The Dreaded Call

Be Happy

Last night I called one of my favorite entrepreneurs.

And about ten seconds into the call, I could hear him crying.

At that point, I knew the Company we had invested in, that had pivoted with hopes of rising like a phoenix from the ashes, was actually much more likely to crash and burn.

Although we had spent the last six months trying to recapitalize and refocus the business after losing the co-founder, it became clear it wasn’t going to work.   It was now time to switch from being an investor to being his friend.

Money comes and goes, but the relationships with my entrepreneurs should last a lifetime.

So I immediately realized what he really needed was support, not beratement. He already felt horrible for failing and losing people’s money.

And I am a VC. We expect to lose money trying to innovate and build great companies.

Thus, we…

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The Dreaded Call

Benchmarking Atlassian’s S-1 – How 7 Key SaaS Metrics Stack Up

Be Happy

Tomasz Tunguz wrote a great post recently about the Australian software maker, Atlassian. It is a fantastic example of an Australian flywheel SaaS company that has experienced tremendous growth, as seen from its S-1.

Tomasz’ post can be viewed in its original form here.

Founded in 2002, the Australian software maker Atlassian is an exceptional company in many regards. But foremost, Atlassian is one of the best examples of flywheel SaaS companies yet. Atlassian counts 1600 employees and sells five products JIRA (bug tracking software), Confluence (project management), HipChat (internal chat/collaboration), BitBucket (code repository) and JIRA Service Desk (help desk software. Yesterday, Atlassian filed their F-1, a document preceding their IPO, and revealed how efficient a software company they have built. In 2015, the company will generate $320M in revenue.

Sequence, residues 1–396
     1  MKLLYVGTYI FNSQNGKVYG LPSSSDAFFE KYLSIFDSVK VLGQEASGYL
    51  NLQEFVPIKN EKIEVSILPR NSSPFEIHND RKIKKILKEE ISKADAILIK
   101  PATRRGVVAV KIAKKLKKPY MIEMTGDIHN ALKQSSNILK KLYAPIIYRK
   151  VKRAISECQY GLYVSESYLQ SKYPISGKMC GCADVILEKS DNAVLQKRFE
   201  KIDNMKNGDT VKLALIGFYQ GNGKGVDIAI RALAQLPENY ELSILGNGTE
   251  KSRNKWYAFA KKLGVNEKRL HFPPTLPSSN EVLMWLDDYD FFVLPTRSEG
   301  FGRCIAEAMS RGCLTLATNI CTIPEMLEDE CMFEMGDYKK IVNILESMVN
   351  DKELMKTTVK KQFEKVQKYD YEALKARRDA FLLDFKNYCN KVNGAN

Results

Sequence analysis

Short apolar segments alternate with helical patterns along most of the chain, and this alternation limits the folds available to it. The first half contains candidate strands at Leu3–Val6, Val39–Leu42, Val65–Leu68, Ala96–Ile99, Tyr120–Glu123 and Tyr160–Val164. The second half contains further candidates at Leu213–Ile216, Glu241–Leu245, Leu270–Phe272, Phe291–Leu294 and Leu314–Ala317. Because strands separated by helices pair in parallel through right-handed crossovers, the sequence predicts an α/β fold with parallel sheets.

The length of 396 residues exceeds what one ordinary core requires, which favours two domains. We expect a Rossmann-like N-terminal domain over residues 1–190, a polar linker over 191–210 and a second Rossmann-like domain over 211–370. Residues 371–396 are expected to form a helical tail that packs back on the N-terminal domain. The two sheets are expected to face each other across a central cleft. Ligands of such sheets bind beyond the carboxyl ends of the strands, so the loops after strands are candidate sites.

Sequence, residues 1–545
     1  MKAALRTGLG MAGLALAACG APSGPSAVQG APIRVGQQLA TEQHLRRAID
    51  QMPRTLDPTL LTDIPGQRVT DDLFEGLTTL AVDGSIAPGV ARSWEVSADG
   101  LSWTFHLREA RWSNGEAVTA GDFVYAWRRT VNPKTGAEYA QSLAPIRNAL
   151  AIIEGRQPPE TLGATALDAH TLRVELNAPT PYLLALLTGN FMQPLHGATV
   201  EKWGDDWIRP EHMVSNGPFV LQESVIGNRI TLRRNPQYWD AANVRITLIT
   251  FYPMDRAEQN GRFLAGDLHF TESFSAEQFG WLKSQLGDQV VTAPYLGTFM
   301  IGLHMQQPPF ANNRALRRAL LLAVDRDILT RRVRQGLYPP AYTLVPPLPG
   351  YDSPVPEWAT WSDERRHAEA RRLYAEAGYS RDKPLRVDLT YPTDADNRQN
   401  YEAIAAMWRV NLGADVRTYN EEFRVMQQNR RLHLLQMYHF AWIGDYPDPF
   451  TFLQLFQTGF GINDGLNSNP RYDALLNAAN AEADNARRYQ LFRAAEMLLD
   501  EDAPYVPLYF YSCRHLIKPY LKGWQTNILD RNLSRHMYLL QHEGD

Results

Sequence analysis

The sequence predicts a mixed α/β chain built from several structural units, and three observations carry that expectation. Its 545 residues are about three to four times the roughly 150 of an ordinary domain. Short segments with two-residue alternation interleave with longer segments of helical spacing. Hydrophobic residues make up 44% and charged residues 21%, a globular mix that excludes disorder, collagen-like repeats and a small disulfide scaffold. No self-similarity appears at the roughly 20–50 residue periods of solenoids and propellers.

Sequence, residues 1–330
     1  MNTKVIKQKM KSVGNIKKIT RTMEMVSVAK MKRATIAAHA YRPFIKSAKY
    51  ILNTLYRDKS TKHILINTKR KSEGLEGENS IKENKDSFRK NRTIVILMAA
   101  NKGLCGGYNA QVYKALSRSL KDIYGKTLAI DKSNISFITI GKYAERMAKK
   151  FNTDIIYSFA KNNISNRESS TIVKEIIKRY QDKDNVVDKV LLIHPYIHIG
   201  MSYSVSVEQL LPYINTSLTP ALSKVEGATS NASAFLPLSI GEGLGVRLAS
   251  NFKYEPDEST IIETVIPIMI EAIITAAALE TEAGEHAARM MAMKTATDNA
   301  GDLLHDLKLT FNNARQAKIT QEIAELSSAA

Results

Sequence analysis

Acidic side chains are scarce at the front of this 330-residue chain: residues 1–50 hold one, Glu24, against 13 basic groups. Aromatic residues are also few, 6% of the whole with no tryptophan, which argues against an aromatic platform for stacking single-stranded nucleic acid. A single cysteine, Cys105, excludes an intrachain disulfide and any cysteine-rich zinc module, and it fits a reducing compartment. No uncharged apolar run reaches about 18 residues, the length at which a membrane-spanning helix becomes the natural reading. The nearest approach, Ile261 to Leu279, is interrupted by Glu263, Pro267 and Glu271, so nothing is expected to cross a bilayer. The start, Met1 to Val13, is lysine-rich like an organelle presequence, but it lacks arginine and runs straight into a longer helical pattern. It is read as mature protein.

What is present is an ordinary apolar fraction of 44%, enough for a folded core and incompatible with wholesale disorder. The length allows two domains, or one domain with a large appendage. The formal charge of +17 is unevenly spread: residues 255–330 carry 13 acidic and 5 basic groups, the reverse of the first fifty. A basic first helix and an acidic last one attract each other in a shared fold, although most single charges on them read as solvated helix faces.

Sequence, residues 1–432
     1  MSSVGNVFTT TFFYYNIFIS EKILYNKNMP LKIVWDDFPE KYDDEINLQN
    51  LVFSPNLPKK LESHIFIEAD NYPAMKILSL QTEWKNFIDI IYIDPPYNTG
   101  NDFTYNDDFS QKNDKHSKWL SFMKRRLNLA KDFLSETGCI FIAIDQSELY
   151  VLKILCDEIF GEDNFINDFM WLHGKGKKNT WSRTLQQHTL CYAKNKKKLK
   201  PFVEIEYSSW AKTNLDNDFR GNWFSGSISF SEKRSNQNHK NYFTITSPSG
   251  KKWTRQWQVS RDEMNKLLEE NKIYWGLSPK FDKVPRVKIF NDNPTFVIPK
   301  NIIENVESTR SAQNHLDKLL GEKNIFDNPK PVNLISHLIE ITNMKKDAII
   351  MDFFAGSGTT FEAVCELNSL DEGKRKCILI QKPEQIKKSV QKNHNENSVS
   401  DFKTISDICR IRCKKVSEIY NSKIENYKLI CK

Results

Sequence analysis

The chart above details the revenue growth of the business compared to the median of the 50+ publicly traded SaaS…

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Benchmarking Atlassian’s S-1 – How 7 Key SaaS Metrics Stack Up

The Ugly Unicorn: Greed

Be Happy

There has been much discussion these days about the changing landscape of early stage investing and how it impacts valuations and exits, so I wanted to share a brief story I heard yesterday from an investment banker.

As a pre-cursor to the story, I want to re-iterate my own thoughts on generating returns for LPs.  As we all know, the early stage asset class is defined by making a series of investments, seeing most of those investments fail, and then having one or two exceptional companies generate most, if not all of the returns.

At Scout, we’ve realized a few things that help us outperform the industry: